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song which entirely satisfied my judgment that which agitates more or less scosibly different Peroration: The nothing short of a point of national countries of the world, may be compared to that bext great war in faith or national honor would justify, of the Ruler of the Winds, as described by the tne of opinions at the present moment, any volunta- | poet: y approximation to the possibility of war. Let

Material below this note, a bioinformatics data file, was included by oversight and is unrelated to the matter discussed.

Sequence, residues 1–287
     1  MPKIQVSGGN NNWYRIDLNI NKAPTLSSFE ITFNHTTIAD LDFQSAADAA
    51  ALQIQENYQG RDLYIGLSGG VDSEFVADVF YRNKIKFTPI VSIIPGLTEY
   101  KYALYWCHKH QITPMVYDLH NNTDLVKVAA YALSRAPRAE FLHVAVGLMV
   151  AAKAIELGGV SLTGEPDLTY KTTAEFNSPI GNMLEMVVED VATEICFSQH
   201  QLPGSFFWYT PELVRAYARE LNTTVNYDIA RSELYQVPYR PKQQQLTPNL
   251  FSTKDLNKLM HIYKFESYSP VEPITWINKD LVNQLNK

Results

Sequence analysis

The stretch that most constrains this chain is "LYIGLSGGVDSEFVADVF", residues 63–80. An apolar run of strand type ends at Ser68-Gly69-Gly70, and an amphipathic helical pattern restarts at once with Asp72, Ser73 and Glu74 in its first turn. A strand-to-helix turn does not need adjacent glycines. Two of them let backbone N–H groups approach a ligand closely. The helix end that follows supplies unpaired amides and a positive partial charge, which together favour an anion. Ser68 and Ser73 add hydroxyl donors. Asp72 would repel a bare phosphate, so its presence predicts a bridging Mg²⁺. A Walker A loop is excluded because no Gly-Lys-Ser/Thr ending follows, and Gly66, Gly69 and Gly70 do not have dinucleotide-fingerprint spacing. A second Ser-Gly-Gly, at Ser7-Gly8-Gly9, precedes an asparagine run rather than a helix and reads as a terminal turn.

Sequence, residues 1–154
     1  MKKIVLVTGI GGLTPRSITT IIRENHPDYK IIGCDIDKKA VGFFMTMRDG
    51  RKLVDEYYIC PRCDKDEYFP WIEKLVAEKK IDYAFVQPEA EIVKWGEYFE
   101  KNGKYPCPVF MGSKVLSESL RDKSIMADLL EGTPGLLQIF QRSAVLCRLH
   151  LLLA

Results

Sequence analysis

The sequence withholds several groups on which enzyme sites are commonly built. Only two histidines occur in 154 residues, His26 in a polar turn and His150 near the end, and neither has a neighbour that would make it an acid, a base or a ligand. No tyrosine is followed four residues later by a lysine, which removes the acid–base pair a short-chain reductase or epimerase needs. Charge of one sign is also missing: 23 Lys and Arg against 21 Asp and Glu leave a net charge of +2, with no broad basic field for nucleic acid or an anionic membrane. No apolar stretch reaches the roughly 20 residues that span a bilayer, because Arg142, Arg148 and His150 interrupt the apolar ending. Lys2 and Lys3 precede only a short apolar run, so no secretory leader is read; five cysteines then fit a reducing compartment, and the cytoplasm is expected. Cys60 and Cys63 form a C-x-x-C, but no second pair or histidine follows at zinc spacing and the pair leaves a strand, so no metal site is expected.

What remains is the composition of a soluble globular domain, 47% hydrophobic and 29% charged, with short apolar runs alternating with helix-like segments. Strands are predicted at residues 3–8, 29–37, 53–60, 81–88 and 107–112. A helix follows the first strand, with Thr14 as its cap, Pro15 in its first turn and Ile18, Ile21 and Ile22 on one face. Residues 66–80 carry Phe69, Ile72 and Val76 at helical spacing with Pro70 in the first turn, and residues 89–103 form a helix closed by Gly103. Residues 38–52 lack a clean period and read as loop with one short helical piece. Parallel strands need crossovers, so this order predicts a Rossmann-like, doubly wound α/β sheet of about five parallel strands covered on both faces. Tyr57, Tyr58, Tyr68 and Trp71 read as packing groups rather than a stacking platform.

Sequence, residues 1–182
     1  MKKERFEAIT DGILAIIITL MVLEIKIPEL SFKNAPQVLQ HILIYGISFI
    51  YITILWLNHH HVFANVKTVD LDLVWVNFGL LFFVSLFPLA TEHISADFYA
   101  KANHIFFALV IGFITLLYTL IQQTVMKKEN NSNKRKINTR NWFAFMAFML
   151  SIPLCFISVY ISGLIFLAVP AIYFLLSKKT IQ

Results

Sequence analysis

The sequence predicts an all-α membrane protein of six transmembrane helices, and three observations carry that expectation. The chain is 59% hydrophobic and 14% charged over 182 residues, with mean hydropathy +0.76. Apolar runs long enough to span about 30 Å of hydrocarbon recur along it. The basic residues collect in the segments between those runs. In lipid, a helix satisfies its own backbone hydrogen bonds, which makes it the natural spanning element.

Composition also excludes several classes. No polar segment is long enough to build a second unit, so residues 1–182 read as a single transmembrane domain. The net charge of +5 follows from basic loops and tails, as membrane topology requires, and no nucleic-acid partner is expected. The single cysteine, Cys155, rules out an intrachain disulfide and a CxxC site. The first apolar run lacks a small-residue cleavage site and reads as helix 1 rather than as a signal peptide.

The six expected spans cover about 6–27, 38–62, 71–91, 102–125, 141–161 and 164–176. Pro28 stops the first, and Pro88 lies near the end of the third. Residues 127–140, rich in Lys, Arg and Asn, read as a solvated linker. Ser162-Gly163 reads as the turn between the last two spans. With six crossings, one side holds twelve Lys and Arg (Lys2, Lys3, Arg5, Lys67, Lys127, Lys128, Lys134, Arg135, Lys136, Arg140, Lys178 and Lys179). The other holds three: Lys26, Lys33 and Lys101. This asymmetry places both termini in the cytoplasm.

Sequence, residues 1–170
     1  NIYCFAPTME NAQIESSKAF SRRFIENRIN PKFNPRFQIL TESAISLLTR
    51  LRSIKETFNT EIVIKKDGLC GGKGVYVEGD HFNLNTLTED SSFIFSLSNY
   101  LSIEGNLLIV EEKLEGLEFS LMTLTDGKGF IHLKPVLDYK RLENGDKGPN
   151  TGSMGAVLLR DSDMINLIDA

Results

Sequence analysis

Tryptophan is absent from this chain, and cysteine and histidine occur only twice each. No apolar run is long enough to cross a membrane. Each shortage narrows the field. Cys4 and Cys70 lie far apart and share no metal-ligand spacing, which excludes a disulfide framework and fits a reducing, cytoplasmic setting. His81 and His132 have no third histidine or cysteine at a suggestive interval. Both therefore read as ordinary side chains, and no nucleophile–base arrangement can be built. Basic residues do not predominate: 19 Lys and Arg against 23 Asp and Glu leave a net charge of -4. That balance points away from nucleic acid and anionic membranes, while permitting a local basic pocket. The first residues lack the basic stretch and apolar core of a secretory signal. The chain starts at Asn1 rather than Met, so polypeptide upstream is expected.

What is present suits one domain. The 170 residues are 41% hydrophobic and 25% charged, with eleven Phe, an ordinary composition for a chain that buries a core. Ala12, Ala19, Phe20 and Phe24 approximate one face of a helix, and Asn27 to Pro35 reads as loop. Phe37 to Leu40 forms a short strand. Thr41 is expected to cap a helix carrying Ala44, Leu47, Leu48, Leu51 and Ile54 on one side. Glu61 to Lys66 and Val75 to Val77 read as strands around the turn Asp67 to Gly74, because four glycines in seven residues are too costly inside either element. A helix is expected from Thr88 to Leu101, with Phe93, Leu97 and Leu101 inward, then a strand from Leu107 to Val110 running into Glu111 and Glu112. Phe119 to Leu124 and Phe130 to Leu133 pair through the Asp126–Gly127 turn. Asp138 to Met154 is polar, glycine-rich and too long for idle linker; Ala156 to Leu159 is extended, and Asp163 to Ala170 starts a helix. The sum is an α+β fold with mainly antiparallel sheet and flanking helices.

“Celsà sedet Æolus arce, me be understood, however, disi.nctly as not Sceptra tenens; mollitque animos et temperat iras meaning to say that I dread war in a good cause Ni faciat, maria ac terras cælumque profundum (and in no other may it be the lot of this country Quippe ferant rapidi secum, verrantque per auras." ever to engage !) from a distrust of the strength The consequence of letting loose the passions at of the country to commence it, or of her resour- present chained and confined, would be to pro. ces to maintain it. I dread it, indeed-but upon duce a scene of desolation which no man can far other grounds : I dread it from an appre- contemplate without horror; and I should not hension of the tremendous consequences which sleep easy on my couch, if I were conscious that might arise from any hostilities in which we I had contributed to precipitate it by a single might now be engaged. Some years ago, in moment. the discussion of the negotiations respecting the This, then, is the reason—a reason very dif French war against Spain, I took the liberty of ferent from fear-the reverse of a consciousness adverting to this topic. I then stated that the of disability-why I dread the recurrence of position of this country in the present state of hostilities in any part of Europe ; why I would the world was one of neutrality, not only be- bear much, and would forbear long; why I would tween contending nations, but between conflict-(as I have said) put up with almost any thing that ing principles; and that it was by neutrality did not touch national faith and national honor, alone that we could maintain that balance, the rather than let slip the furies of war, the leash preservation of which I believed to be essential of which we hold in our hands—not knowing to the welfare of mankind. I then said, that I whom they may reach, or how far their ravages feared that the next war which should be kin may be carried. Such is the love of peace which dled in Europe would be a war not so much of the British government acknowledges; and such armies as of opinions. Not four years have the necessity for peace which the circumstances elapsed, and behold my apprehension realized ! of the world inculcate. I will push these topics It is, to be sure, within narrow limits that this no further. war of opinion is at present confined; but it is I return, in conclusion, to the object of the a war of opinion that Spain (whether as govern- Address. Let us fly to the aid of Portugal, by ment or as nation) is now waging against Port- whomsoever attacked, because it is our duty to ugal; it is a war which has commenced in ha- do so; and let us cease our interference where tred of the new institutions of Portugal. How that duty ends. We go to Portugal not to rule, long is it reasonable to expect that Portugal will not to dictate, not to prescribe constitutions, but abstain from retaliation ? If into that war this to defend and to preserve the independence of an country shall be compelled to enter, we shall ally. We go to plant the standard of England enter into it with a sincere and anxious desire on the well-known heights of Lisbon. Where to mitigate rather than exasperate—and to min that standard is planted, foreign dominion shall gle only in the conflict of arms, not in the more not come. fatal conflict of opinions. But I much fear that this country (however earnestly she may en- | The House gave an almost unanimous sup deavor to avoid it) could not, in such case, avoid port to an Address approving of the measures seeing ranked under her banners all the restless adopted ; and the insurrection was at once supand dissatisfied of any nation with which she pressed in every part of Portugal. might come in conflict. It is the contemplation Mr. Canning gained very great and merited of this new power in any future war which ex- applause by this intervention in behalf of a concites my most anxious apprehension. It is one stitutional government. His prediction that the thing to have a giant's strength, but it would be next great war in Europe would be one of opisu another to use it like a giant. The conscious- ions, is yet to be accomplished ; and events since ness of such strength is, undoubtedly, a source the usurpation of Louis Napoleon Bonaparte, at of confidence and security ; but in the situation the close of 1851, seem clearly to indicate that in which this country stands, our business is not such a contest may not be far remote. to seek opportunities of displaying it, but to con